Saturday, January 11, 2014


As I type this post I’m listening to a CD of Christmas carols, realizing that tomorrow’s feAst of the Baptism of the Lord marks the end of the Church’s Christmas/Epiphany season.

On the Monday before Christmas we monks had a Christmas tree decorating party, and decorated the refectory and the church and a couple of other rooms. This coming Monday we will have a Christmas tree “undecorating party,” at which, as you can figure out, we take down the decorations and put them away until next time. The “undecorating party” is a great opportunity to ask ourselves one more time the question “So what?” Christmas, the Epiphany and the Baptism of the Lord in the Jordan -- what difference do these various feasts mean in the way we live our daily lives?

 Actually all of the feasts in this season have the same theme: God has become one of us and is now revealed in the flesh. First to the shepherds at the stable in Bethlehem, then to the pagan wise men, and then at the Jordan when the divine voice from heaven claims “This is my beloved son!” As we know, the word “epiphany” is a Greek word meaning “showing forth, manifestation,” and this word holds the key to at least one answer to the “so what?” question.

The readings at mass in the past week have spelled the practical consequences for us by citing the first Letter of John. Here’s my translation of one passage that was used this past Wednesday: “If God has loved us so much, then we must have the same love for one another… If we love one another then God dwells in us, and his love is brought to completion in us” (1 John 4:11). Suddenly the emphasis has shifted from God’s saving actions to my own, from God’s loving me to my loving others. I have the same task that Jesus had in the world: To show forth God’s love to the world by my actions. If Jesus is the manifestation of God’s love in the flesh, John tells me, then how can I dare to be anything less than that myself? I love that curious phrase, “God’s love is brought to completion” in us. It’s as if God needs you and me to complete the divine task of saving the world through love.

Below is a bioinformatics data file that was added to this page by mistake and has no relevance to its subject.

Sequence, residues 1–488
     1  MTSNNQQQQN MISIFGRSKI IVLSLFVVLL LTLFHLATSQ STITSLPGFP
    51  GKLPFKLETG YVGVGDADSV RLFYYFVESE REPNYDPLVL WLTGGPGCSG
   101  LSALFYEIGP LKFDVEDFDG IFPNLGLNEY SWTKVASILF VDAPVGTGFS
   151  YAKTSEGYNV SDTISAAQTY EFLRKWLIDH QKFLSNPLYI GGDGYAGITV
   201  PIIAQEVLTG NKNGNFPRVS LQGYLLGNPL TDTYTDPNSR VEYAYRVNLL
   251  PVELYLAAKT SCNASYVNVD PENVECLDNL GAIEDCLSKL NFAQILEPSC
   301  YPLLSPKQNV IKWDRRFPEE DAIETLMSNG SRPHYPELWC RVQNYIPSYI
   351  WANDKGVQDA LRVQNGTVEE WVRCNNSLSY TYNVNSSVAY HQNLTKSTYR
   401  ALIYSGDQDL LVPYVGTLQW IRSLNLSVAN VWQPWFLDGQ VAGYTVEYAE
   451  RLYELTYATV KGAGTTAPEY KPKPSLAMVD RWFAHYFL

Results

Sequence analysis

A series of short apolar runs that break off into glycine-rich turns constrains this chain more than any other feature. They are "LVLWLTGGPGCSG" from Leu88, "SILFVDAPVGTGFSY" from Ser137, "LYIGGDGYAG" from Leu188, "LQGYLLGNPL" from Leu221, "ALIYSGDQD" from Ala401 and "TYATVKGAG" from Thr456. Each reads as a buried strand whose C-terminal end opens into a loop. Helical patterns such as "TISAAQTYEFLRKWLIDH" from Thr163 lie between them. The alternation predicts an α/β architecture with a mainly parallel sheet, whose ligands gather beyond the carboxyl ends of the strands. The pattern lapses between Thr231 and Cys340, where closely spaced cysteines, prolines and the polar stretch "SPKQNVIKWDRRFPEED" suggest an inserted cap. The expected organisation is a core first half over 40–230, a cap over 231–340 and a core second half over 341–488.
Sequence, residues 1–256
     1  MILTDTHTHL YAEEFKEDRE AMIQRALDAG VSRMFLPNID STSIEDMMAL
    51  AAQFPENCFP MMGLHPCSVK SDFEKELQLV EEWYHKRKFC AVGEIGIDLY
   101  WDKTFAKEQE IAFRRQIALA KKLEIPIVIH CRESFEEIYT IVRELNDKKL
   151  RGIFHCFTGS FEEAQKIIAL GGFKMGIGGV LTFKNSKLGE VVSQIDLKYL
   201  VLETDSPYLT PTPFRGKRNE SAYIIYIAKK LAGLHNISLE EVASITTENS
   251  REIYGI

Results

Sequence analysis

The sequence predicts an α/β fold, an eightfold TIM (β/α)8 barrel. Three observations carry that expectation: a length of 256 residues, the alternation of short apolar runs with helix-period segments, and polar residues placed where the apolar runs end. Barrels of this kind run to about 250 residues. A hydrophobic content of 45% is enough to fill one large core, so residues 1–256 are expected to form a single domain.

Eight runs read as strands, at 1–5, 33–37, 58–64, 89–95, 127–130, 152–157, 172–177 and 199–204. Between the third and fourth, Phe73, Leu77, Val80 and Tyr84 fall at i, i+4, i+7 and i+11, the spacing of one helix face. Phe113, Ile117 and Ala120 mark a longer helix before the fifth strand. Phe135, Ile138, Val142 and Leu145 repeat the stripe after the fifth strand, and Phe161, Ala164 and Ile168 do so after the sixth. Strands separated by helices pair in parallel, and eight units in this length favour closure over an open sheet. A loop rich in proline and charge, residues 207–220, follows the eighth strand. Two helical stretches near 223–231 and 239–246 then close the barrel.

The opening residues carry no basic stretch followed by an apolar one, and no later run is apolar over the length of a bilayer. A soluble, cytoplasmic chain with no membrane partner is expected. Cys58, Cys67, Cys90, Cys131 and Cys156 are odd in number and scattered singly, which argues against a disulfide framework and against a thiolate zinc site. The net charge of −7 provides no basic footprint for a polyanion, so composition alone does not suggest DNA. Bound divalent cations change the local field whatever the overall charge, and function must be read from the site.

Saint Augustine says somewhere that we Christians are “Easter people,” each of us is an alleluia from head
to toe. Well, at this time of year the Church is telling us that we Christians are also “Epiphany people,” whose task is to show forth God’s boundless love to humankind. At the Jordan Jesus discovered both his identity as God’s Son and his mission of giving himself in order to save his people. With him, we have discovered both our identity as children of God and our mission of giving ourselves in love to others to “bring God’s love to completion.”

 So, as we put away the boxes of Christmas decorations let us remember that we’re not putting away our identity or our mission to be “epiphany people.” That task is just beginning.

1 comment:

  1. J e s u S(miling). Father, I am remembering the finches and the ear canal story and that I was reading the finches and Fuegian story. Father, could you please include the Panama Canal Expansion in your prayers? I am also thinking of Romans 1:21. Thank you. CMJE